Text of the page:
Never-seen-before negatives. Some artists don’t live long enough to experience the recognition they get. Masha Ivashintsova was one of them. This Russian artist and theater critic had been heavily engaged in the Leningrad (now, Saint Petersburg) poetic and photography underground movement of the 1960−80s. Masha loved photography as it always took a major role in her mysterious and painful life. However, she always kept her photographs hidden in her attic, never showing them even to her family. Until now.
Recently, her daughter Asya Ivashintsova-Melkumyan was going through her stuff and found a stunning collection of more than 30,000 images. Asya was shocked to discover how well these photos portrayed her mother’s life and the essence of everyday life in the USSR.
“Of course, I knew that my mother was taking pictures all along. What was striking is that she never shared her works with anyone, not even her family.” – Asya said of her mother’s work. “She hoarded her photo-films in the attic and rarely developed them, so nobody was ever able to appreciate the fruits of her passion. Those same films remained in the attic of our house in Pushkin, Saint Petersburg, where she originally kept them, after her death in 2000.”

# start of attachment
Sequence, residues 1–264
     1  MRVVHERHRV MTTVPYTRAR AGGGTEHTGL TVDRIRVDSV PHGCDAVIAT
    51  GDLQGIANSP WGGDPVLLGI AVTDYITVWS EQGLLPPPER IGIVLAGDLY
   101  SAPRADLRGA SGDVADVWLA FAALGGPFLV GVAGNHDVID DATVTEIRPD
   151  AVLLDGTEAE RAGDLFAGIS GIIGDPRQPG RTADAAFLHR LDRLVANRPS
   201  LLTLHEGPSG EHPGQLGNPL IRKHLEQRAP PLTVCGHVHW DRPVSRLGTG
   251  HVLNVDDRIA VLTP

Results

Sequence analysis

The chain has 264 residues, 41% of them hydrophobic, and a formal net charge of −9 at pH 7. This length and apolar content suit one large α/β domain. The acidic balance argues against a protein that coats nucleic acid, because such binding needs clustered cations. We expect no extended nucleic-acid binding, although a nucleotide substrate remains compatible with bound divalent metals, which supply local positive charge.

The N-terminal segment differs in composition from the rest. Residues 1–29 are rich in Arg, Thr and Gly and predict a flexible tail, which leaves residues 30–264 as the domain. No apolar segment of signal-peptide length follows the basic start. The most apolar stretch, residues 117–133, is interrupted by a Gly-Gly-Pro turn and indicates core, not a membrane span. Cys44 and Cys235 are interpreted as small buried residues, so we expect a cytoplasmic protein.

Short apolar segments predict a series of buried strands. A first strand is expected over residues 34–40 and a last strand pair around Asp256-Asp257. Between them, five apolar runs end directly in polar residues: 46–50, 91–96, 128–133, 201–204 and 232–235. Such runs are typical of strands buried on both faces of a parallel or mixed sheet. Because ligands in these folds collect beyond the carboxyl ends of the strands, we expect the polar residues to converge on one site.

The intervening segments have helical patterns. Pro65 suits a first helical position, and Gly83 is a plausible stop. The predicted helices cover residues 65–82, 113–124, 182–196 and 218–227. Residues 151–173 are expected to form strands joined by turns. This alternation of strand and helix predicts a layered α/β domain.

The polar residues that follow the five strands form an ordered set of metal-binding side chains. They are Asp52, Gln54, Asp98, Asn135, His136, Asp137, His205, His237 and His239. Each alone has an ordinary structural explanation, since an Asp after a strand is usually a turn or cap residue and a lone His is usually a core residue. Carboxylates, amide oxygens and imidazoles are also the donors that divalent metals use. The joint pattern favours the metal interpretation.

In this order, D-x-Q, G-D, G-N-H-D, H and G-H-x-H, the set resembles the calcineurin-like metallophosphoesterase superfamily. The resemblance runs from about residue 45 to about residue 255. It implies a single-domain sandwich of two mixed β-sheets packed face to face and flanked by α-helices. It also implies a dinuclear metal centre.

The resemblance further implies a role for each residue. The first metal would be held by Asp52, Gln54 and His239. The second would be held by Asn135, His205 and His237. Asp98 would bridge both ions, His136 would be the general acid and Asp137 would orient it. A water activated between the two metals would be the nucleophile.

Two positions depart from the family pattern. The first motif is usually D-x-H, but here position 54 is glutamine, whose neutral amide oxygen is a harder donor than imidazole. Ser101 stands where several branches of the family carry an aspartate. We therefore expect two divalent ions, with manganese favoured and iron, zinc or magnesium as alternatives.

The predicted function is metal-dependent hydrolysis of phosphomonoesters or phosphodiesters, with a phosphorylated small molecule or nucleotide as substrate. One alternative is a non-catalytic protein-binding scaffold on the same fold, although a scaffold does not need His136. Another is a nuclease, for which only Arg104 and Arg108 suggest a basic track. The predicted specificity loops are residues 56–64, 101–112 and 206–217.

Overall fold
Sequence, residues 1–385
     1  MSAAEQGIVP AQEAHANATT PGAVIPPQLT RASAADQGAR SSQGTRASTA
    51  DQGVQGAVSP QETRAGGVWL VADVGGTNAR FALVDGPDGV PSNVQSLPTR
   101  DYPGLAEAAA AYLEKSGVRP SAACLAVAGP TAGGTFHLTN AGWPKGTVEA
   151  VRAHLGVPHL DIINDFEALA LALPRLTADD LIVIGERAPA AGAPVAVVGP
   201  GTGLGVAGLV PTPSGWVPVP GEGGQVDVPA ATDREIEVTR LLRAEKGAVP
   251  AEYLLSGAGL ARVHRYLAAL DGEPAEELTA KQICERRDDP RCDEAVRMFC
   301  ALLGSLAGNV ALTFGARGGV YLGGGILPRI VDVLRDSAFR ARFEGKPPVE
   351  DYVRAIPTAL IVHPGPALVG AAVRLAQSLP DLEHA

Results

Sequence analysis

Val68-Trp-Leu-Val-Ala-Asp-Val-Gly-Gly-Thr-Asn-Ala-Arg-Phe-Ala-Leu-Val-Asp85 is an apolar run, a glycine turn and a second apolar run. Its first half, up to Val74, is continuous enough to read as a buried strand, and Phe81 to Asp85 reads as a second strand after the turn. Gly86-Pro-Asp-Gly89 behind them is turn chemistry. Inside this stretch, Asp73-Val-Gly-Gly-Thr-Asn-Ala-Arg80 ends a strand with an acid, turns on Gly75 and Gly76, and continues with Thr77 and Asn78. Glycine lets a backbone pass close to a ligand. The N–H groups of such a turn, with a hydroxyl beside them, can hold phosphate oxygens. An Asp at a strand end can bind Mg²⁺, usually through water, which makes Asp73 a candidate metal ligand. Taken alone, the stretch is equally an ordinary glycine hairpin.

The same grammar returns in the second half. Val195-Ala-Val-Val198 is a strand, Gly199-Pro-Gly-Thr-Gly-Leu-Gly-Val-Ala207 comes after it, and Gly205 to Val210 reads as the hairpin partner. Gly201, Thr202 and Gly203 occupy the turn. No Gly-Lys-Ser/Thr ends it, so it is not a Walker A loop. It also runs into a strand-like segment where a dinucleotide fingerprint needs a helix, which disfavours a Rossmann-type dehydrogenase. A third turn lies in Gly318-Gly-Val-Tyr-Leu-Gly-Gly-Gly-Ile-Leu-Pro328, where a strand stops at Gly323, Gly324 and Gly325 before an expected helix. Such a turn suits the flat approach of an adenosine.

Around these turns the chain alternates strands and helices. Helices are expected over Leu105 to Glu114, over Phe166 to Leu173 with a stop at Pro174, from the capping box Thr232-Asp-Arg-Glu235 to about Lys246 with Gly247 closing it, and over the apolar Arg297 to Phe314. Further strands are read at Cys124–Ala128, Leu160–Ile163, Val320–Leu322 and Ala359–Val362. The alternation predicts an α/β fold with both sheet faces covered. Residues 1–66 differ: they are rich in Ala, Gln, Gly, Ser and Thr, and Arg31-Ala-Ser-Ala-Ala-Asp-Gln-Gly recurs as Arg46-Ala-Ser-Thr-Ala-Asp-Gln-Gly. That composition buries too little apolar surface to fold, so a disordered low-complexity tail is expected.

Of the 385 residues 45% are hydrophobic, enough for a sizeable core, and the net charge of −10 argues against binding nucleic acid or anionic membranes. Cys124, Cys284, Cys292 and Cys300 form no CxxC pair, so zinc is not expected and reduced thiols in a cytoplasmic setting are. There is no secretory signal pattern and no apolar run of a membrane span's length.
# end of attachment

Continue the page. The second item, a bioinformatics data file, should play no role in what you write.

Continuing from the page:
The darker period of Masha’s life took place in a USSR mental hospital. There, she was gradually broken by being forced to take drugs. The Soviet Regime was aiming to ‘standardize’ people, to make them live by the Communist rules. This dehumanizing control system had a huge impact on Masha. It is also evident in her work. As her daughter says, “Masha had a difficult relationship with communism. She was eventually bulldozed by the party and committed to a mental hospital against her will for her «social sponging» as she could never assimilate to the all-encompassing, shouting world of socialist excitement.” Some people have already called Masha the ‘Russian Vivian Maier.’